By: Stephen Dillon-Streisel, college intern, and Dr. Divya Babbar

Frequently, articles and research focus on queer children or neurodivergent children, but the duality of being both queer and neurodivergent is rarely considered. When cultivating safe spaces for children, it is most important that we affirm their identity and choices and allow them a space for “neuroqueering” (Walker et al., 2015) The act of neuroqueering is the liberation of oneself from socially imposed neuro-normativity and heteronormativity. While neuroqueer is a verb, it can also be an aspect of one’s identity.

Gender-diverse people are more likely to exhibit and report autism symptoms and are five times more likely to suspect that they have undiagnosed autism (Walker et al., 2021). The largest study conducted on queer and autistic people found that individuals who do not identify with their assigned gender at birth were six times more likely to be autistic than cisgender people (Walker, N et al 2021). A neuroqueer identity is one of intersectionality and is meant to normalize breaking stereotypes and normativity set by a society that doesn’t make space for neuroqueer people (Walker et al., 2021). This means that these individuals often have to create a space for themselves in the world. Children need support to make their own space in the world, and as a parent, you can follow these guidelines to help create a neuroqueer physical space for them to excel.

To do this, it is advisable to set up the room in a flexible way –– as children who are neurodivergent are very sensitive to stimuli that can be around the room. It is also important that color schemes and decorations are adjustable –– as they may want to experiment with different aspects of feminine and masculine decorations. Some ideas for these adjustable spaces are:

  • Adjustable lighting: Lighting is very important for the room’s overall look, and it can be a very powerful stimulus. Buying light bulbs with adjustable power settings and colors can be very beneficial for the child to experiment with and find the right color and setting of light for them.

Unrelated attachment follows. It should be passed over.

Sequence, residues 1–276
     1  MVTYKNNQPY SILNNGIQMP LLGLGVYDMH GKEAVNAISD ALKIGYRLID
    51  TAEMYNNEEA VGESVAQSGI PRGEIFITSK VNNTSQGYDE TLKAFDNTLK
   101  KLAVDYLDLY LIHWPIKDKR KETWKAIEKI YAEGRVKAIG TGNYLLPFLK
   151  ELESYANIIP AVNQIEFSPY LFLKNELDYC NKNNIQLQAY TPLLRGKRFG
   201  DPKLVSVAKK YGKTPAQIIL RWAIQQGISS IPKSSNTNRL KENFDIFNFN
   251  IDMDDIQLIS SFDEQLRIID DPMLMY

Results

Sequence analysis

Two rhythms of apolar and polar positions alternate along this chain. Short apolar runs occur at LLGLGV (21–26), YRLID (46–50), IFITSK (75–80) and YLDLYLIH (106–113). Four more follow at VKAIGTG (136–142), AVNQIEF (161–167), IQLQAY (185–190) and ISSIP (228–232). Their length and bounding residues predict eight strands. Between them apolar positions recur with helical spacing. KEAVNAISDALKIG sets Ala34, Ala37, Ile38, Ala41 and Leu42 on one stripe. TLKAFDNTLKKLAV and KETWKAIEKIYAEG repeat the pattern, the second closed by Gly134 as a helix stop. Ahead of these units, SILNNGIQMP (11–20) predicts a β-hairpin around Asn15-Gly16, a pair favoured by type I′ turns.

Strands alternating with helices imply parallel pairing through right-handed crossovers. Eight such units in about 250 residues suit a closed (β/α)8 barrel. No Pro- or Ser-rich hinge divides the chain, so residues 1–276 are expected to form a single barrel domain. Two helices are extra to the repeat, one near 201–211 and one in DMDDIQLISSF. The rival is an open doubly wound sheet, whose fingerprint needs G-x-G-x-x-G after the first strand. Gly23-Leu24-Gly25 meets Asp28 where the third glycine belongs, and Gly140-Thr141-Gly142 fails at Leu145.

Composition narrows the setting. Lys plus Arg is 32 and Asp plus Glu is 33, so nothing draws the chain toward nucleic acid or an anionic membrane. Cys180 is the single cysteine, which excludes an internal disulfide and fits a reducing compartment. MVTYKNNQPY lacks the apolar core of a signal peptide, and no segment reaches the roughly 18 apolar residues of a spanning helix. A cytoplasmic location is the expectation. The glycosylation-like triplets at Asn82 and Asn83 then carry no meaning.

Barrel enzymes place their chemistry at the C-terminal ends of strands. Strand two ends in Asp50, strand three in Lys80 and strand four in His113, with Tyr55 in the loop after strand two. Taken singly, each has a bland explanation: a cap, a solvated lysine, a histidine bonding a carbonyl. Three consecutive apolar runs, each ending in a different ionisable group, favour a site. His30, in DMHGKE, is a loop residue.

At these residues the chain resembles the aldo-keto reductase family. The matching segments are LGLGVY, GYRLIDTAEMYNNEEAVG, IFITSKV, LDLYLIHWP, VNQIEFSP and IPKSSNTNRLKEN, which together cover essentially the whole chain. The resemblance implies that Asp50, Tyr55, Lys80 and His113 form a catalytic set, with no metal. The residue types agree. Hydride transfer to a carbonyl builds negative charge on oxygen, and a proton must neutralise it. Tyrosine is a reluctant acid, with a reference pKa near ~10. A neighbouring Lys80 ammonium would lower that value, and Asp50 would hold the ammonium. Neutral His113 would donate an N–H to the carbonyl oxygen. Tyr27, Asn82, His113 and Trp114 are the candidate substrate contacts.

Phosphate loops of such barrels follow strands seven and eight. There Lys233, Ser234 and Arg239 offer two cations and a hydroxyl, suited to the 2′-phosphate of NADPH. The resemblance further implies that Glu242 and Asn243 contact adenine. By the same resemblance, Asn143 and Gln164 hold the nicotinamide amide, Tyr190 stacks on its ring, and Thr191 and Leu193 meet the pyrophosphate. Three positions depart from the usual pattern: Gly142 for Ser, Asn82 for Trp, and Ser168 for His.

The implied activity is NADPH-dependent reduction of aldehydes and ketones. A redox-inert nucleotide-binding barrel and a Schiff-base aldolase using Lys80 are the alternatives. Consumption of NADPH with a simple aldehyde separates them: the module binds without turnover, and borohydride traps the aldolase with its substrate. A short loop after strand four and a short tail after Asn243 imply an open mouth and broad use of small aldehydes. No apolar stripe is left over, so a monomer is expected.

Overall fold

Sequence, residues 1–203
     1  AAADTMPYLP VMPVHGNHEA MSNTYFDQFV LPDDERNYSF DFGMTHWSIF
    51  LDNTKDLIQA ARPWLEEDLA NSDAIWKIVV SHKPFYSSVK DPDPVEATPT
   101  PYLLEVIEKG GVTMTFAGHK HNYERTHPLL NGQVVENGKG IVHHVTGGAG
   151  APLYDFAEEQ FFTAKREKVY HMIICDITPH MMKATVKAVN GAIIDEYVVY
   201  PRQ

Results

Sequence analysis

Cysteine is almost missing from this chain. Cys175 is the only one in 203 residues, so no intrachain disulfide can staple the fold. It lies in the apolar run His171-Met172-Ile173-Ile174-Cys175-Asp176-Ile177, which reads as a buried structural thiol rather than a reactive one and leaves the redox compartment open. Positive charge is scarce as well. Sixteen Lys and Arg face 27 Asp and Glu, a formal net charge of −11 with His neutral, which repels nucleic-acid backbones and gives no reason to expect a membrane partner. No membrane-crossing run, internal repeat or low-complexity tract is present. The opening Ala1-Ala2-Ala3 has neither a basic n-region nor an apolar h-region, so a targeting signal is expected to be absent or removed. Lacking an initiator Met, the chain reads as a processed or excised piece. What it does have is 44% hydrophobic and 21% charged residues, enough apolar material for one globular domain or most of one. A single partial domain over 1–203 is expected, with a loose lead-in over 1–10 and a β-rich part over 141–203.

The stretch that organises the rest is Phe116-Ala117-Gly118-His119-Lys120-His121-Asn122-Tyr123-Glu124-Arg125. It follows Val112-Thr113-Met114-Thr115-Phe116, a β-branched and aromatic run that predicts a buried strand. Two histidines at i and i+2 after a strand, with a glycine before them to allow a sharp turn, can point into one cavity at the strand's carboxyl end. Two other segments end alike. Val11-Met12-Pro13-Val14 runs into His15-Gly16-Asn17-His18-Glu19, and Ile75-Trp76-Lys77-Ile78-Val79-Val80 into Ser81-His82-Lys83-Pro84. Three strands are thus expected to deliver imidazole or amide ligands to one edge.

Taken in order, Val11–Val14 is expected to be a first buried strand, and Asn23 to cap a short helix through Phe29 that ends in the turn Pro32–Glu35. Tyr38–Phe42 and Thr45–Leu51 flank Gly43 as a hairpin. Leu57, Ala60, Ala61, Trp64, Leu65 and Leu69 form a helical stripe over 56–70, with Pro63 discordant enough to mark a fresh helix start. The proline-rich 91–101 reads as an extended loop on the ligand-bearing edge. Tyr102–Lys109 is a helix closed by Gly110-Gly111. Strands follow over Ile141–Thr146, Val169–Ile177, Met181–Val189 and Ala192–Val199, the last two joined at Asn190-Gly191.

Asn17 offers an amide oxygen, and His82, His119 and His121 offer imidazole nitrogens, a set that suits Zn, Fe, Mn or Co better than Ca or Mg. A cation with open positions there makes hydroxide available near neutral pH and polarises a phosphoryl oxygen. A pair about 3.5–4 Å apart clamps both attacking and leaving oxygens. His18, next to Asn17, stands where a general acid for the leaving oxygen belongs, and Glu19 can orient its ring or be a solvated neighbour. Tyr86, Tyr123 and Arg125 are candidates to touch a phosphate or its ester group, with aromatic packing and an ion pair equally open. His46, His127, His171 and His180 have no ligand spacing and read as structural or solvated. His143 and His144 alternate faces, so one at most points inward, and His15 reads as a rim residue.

• Reconfigurable furniture: Adjusting furniture that can be reconfigured to open or close spaces is very important for neurodivergent children. For example, having an adjustable couch that can have pieces spread across or line up in a square can help your child decide the functionality of the furniture and tailor it to the specific way they feel while exploring their neuroqueer identity and experimenting with what they like.
  • Curtains: Having curtains in certain areas in the room, such as the bed, can bring another level of privacy to the room, which allows for more safety and security to be felt while in the room.
  • Decorations: Considering how much personality decorations can give a room is important. This is why we have a mix of feminine-presenting decorations, such as flowers, hanging light, and flowing curtains, and masculine-presenting decorations, such as classic geometrics with hardwood, dark blues, and plaids.

All of these aspects in a room are important to incorporate to allow your child to fully neuroqueer as much as they need to and express their identity. Creating a space your child can use to authentically express who they are will be crucial to their development and mental health.

At Georgetown Psychology, our clinicians are passionate about supporting the needs of the LGBTQI+ and neurodivergent communities. We provide affirming, supportive therapy for children, teens, and their families.